García Calvo and Mikhail Vekua Excel in Oviedo’s Semi-Staged Siegfried


Wagner, Siegfried: Principado de Asturias and Oviedo Filarmonía Orchestras / Guillermo García Calvo (conductor), Teatro Campoamor, Oviedo, 6.9.2017. (JMI)


Siegfried (c) Opera Oviedo


Siegfried – Mikhail Vekua
Brünnhilde – Maribel Ortega
Wanderer – Béla Perencz
Mime – Johannes Chum
Alberich – Zoltan Nagy
Erda – Agnes Zwierko
Fafner – Andrea Mastroni
Forest Bird – Alicia Amo


Visual Concept – Carlos Wagner
Projections – Slidemedia Studio – Artistas Multimedia
Lighting – Alfonso Malanda

The 2017 Oviedo opera season opened this week with Siegfried, a continuation of the Wagner Tetralogy staging which began in 2013 and has featured one opera every other year.

The preceding Das Rheingold and Die Walküre productions were by Michal Znaniecki, so it was somewhat surprising that Carlos Wagner directed this semi-staged Siegfried. Undoubtedly, the size of the pit in the Campoamor Theatre had much to do with the decision. It holds barely 60 musicians which means a choice must be made between doing a full production of Siegfried, and giving an appropriate orchestral version of the score by placing the musicians on stage. And here the decision – wisely, in my opinion – was in favour of the music, which meant we had a semi-staged version of the opera.

However, Siegfried was mistakenly announced, even in the program, as a ‘New Production’ although there were neither sets nor props: no bear, forge, Siegfried’s sword or Wotan’s spear, no ring or helmet, and of course no dragon. Brünnhilde’s rock existed only in the viewer’s imagination. The truth is that something more inventive could have been done by Carlos Wagner to narrate the story. What one got was a real storm of video projections on two screens, one at the front of the stage and one in the back. We could have done without them, not to mention a very annoying light that on several occasions dazzled one’s eyes.

Guillermo García Calvo was again responsible for the music, as he had been in the previous operas. His reading was much more enjoyable this time, clearly the best of the tetralogy. Under his baton were two orchestras with more than 100 musicians between them, and their performance was excellent. There were very bright moments in Mr. Calvo’s conducting, especially in Act III up to the awakening of Brünnhilde, but he was less convincing in the second act. His tempi were very slow, which meant that the tension could not be maintained throughout the opera.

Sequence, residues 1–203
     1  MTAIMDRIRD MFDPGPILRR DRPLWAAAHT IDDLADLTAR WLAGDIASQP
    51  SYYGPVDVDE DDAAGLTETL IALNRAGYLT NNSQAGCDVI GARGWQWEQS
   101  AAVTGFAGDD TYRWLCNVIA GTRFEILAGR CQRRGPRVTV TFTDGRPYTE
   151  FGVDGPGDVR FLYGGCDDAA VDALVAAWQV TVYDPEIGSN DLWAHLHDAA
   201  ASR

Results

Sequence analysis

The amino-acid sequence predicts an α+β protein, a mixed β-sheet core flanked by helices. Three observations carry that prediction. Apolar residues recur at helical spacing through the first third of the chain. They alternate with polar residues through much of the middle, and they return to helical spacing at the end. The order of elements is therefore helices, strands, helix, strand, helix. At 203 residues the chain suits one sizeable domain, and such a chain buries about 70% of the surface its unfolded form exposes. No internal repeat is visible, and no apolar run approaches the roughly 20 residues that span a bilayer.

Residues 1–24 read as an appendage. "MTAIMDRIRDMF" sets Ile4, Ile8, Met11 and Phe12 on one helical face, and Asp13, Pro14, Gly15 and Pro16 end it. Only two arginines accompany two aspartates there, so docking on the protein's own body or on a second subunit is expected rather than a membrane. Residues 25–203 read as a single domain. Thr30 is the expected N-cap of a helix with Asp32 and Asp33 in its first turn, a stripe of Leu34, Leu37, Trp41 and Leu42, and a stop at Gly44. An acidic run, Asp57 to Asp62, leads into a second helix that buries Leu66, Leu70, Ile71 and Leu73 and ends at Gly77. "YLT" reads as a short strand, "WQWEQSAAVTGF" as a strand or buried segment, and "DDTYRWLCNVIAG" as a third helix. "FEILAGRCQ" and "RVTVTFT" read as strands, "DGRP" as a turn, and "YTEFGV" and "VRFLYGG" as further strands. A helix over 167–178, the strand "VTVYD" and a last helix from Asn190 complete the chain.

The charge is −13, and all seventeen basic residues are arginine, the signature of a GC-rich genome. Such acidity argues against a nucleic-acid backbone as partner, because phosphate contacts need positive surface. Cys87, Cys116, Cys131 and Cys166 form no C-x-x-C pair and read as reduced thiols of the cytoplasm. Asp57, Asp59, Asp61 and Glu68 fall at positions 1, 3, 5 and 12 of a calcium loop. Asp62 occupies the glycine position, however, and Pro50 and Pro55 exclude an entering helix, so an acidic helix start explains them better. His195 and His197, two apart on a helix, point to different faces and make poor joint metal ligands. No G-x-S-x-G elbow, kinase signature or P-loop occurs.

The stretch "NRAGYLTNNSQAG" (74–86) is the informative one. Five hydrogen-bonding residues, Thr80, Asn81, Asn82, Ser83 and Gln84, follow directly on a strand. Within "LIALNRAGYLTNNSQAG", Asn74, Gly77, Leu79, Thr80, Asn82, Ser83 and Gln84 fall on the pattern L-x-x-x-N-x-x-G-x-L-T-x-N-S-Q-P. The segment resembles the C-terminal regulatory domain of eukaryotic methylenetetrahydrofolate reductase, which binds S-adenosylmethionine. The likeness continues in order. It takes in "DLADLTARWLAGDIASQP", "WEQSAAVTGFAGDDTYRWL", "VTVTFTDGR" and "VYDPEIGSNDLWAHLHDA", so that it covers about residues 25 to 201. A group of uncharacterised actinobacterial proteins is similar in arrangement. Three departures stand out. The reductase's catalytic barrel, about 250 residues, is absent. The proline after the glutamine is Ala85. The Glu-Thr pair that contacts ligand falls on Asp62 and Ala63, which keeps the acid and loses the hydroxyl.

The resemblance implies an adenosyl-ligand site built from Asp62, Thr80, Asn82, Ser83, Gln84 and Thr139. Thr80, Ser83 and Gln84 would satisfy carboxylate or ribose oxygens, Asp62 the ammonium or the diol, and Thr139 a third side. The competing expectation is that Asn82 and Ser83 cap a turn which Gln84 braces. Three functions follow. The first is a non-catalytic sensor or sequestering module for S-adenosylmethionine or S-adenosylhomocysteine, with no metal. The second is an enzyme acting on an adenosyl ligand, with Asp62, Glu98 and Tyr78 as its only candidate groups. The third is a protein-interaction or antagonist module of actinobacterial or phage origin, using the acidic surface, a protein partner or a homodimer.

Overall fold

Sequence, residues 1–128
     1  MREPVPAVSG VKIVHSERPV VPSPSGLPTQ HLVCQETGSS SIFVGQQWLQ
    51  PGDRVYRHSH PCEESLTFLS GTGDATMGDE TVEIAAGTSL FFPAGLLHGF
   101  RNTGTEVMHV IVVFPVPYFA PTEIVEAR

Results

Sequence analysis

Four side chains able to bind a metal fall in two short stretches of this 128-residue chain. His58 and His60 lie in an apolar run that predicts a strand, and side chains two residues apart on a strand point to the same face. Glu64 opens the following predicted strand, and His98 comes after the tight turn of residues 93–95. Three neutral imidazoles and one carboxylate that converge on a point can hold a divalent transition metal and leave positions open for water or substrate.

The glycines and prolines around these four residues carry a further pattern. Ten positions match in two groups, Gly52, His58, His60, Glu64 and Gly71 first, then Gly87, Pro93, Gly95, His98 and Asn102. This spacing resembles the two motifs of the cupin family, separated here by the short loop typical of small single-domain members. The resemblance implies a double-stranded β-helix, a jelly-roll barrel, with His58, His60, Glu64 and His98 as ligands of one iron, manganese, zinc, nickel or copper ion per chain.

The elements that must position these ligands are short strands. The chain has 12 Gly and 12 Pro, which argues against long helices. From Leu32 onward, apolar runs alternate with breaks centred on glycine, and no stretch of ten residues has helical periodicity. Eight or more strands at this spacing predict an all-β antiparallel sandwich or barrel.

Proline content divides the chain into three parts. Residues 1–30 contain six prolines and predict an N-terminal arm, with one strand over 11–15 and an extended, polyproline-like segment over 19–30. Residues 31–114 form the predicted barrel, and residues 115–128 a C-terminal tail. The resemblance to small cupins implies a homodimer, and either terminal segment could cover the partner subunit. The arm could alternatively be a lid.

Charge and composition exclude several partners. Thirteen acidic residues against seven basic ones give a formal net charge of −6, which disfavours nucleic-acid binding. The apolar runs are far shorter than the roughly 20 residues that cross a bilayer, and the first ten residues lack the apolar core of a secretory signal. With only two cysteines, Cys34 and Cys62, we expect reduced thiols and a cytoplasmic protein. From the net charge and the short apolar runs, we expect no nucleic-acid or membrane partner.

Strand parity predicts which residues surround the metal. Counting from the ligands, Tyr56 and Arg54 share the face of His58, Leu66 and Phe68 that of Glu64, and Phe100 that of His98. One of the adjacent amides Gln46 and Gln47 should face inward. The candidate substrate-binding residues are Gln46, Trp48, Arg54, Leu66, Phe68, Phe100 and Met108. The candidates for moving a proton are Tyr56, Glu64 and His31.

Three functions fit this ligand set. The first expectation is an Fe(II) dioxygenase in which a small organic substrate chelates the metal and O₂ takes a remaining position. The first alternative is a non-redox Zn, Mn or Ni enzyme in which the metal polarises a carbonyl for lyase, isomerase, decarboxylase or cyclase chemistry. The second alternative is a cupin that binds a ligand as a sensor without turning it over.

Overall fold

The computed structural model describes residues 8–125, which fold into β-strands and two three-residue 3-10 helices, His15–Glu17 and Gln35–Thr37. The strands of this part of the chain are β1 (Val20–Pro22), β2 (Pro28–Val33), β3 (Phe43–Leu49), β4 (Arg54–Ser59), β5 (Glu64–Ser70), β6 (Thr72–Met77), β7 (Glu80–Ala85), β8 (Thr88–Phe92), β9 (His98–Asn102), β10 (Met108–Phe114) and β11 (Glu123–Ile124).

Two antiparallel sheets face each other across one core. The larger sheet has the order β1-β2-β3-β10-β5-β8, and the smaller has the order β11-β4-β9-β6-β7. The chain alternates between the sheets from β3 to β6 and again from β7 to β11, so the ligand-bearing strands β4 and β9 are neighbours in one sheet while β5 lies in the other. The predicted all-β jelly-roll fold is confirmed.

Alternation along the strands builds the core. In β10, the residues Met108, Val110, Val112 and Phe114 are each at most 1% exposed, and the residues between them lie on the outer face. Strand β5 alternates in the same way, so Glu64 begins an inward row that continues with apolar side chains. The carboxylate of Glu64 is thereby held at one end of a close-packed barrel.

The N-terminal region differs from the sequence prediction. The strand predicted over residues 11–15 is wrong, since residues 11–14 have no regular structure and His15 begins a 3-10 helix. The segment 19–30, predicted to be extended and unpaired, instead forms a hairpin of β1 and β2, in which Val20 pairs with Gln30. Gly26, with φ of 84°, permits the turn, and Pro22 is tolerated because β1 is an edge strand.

Siegfried was played by Russian tenor Mikhail Vekua, who is the young Siegfried of the Mariinsky Theatre in St. Petersburg. A few days ago he was also the protagonist of this opera in Ljubljana under Valery Gergiev. This is one of the most demanding characters for a tenor, and few singers can overcome all the difficulties of the score. Mr. Vekua’s interpretation was more or less nuanced, but the truth is that one has to surrender to his vocal power. From beginning to end he was truly outstanding.

Maribel Ortega was a surprising choice for the part of Brünnhilde, and her performance did not persuade me. Her voice is not particularly appealing, with somewhat monotonous singing and shouted notes at the top.

The Wanderer was sung by baritone Béla Perencz who offered a wide and attractive voice, and brilliantly played out his scenes with Mime, Alberich, Erda and Siegfried. As Mime, Johannes Chum has a voice that is more important than one of a character tenor. He’s not an outstanding actor, but gave a good performance.

Agnes Zwierko was a disappointing Erda. Her middle range has an instability that did not exist some time ago. She fell short on mystery in her singing, and was rather insufficient at the bottom.

Baritone Zoltan Nagy’s voice is too light for Alberich. Bass Andrea Mastroni, who sang from offstage, was a good Fafner, and soprano Alicia Amo showed an attractive voice as the Forest Bird.

.José M. Irurzun

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